HC Deb 01 April 1993 vol 222 cc489-90
11. Mr. Patrick Thompson

To ask the Chancellor of the Exchequer what is the growth in unit wage costs in (a) the United Kingdom and (b) other EC countries over the past year.

Mr. Portillo

While over the latest year manufacturing unit wage costs in Germany rose by more than 9 per cent. in Britain they fell by 1 per cent. That is excellent news for British jobs.

Mr. Thompson

I thank my right hon. Friend for that reply, which confirms that manufacturing productivity in Britain is better than it is in Germany—and also, I believe, in Japan. Does my right hon. Friend agree that there has never been a better opportunity for manufacturing firms in Norwich and throughout the country to exploit opportunities in world markets and in the single market, and that it is bad news that there are those in this country at this time who are willing to encourage strike action in any part of the economy?

Mr. Portillo

My hon. Friend is right. We expect competitiveness to be about 20 per cent. better during the year ahead than in the year gone by. Strikes are the worst possible advertisement to those thinking of investing in this country. Those who are thinking of investing in this country will want to hear clearly from the Labour party that it condemns the strikes and sees that strikes are pointless and self-defeating. They will also want the hon. Member for Dunfermline, East (Mr. Brown) to get up now and condemn the strikes.

Mr. Flynn

Will the Minister confirm that we have some of the lowest unit wage costs in Europe, which accounts for some of our attraction to overseas industry, but that a major part of the budget of pensioners and others on low incomes will be the standing charges on their fuel bills? Those standing charges will amount sometimes to 50 per cent. and sometimes to three quarters of their fuel bills. That has nothing to do with fuel consumption. Do the Government believe that it is sensible to tackle global warming by increasing the number of deaths from hypothermia?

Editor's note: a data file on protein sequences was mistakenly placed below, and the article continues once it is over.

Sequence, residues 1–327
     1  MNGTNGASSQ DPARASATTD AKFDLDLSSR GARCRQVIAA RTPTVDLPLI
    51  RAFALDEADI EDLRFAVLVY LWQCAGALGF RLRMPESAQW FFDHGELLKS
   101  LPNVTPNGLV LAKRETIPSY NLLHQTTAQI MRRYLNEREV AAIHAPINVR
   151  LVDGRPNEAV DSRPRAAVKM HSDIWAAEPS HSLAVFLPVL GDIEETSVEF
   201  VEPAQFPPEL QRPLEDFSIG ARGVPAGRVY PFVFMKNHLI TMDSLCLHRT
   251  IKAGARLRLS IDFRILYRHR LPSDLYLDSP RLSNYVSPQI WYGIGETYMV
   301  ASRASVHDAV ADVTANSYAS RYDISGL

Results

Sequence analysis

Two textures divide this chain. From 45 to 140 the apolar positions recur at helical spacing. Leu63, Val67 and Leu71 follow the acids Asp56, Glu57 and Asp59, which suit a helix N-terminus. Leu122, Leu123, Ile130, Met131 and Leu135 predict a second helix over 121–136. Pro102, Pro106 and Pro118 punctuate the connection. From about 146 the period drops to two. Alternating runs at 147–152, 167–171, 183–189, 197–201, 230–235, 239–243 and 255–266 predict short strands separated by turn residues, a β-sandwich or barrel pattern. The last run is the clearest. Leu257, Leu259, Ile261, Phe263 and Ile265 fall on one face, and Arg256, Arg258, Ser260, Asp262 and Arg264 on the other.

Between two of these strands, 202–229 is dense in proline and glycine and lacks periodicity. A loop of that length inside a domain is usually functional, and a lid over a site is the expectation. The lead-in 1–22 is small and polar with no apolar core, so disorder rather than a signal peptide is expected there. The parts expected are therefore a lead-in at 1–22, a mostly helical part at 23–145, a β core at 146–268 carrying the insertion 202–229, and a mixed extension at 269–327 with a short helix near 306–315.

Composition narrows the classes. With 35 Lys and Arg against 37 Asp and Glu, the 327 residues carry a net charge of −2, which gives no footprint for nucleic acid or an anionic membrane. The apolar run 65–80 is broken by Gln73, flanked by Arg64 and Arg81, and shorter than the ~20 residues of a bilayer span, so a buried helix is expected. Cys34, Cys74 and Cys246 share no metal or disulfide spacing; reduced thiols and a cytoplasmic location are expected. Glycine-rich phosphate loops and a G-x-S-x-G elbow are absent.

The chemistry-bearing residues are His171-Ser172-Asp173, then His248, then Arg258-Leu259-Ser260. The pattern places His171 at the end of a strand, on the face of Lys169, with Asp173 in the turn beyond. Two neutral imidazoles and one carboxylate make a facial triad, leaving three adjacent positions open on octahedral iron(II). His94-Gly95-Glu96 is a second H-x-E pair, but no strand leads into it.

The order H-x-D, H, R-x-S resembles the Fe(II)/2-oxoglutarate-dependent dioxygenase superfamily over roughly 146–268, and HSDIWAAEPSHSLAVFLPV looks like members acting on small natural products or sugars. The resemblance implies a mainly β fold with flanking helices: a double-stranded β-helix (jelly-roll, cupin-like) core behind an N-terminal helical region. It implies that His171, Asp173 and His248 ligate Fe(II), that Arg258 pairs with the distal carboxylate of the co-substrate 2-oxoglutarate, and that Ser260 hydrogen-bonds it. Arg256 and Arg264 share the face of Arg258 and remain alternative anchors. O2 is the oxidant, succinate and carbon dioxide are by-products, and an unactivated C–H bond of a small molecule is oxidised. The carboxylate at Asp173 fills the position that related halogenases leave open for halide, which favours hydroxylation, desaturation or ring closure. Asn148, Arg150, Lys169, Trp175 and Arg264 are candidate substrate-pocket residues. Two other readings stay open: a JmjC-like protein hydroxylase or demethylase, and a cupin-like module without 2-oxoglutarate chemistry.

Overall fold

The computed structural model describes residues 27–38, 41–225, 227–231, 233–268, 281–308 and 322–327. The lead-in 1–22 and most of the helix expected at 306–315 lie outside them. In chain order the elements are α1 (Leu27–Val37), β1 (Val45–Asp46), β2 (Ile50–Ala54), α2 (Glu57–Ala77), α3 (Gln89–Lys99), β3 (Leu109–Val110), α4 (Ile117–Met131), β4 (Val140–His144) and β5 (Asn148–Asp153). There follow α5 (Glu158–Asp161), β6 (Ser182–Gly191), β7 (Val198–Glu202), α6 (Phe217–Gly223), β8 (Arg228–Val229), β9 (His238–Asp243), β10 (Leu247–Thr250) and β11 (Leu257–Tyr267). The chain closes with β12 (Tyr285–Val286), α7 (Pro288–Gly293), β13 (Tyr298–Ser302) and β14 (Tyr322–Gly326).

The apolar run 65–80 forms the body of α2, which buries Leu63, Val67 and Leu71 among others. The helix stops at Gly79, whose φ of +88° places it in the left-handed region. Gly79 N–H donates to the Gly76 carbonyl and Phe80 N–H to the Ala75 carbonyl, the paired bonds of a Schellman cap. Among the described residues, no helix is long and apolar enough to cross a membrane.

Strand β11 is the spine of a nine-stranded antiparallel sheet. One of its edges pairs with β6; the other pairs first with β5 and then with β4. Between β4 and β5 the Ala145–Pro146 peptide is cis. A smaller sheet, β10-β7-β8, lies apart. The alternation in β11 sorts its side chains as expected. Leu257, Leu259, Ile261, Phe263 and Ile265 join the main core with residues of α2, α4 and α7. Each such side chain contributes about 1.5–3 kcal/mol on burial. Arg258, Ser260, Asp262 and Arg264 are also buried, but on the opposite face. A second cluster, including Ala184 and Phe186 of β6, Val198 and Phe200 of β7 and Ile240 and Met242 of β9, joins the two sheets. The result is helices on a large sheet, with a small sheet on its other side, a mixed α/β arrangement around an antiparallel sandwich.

Mr. Portillo

The Labour party is not very good at listening. It has heard the answer to that point time after time. The hon. Gentleman is saying that he does not believe in flexibility, that he does not believe in competition, that he does not believe in attracting jobs to this country. I am pleased to say that Bosch, which recently decided to move a plant from Stuttgart to Cardiff, knows the scene. The Federation of German Industry has said that at the Cardiff plant there is "strong motivation" and a "flexibility unknown in Germany". Why does the hon. Gentleman not welcome that?

Mr. Oppenheim

Will my right hon. Friend cast his mind back to the late 1970s, when companies such as Ford and Vauxhall were falling over themselves to move production from Britain, and compare that with the current situation, in which, for the first time in 20 years, Vauxhall and Ford are exporting substantial numbers of cars? Those companies are moving the production of engines and components back to Britain and, as my right hon. Friend has pointed out, companies such as Bosch are coming to this country, not because of low wages but because of high productivity, quality manufacturing and an environment that is good for business. Do not Opposition Members have an absolute cheek to complain about the Government's record, bearing in mind that when their party was in power manufacturing output fell and productivity was appaling, whereas under the present Government manufacturing output has risen and productivity is at record levels?

Mr. Portillo

Manufacturing productivity is at record levels, as are manufacturing exports. We are a net exporter of television sets, and we are improving our position in relation to motor cars. Close to my hon. Friend's constituency in Derbyshire, Toyota is investing £750 million at Burnaston and thereby creating 3,000 new jobs. The Labour party, by shouting, demonstrates that it has no interest in new jobs, that it is interested only in running Britain down. Luckily, it will not be in power in the foreseeable future. Luckily, too, its position will not put people off who are thinking of investing in Britain.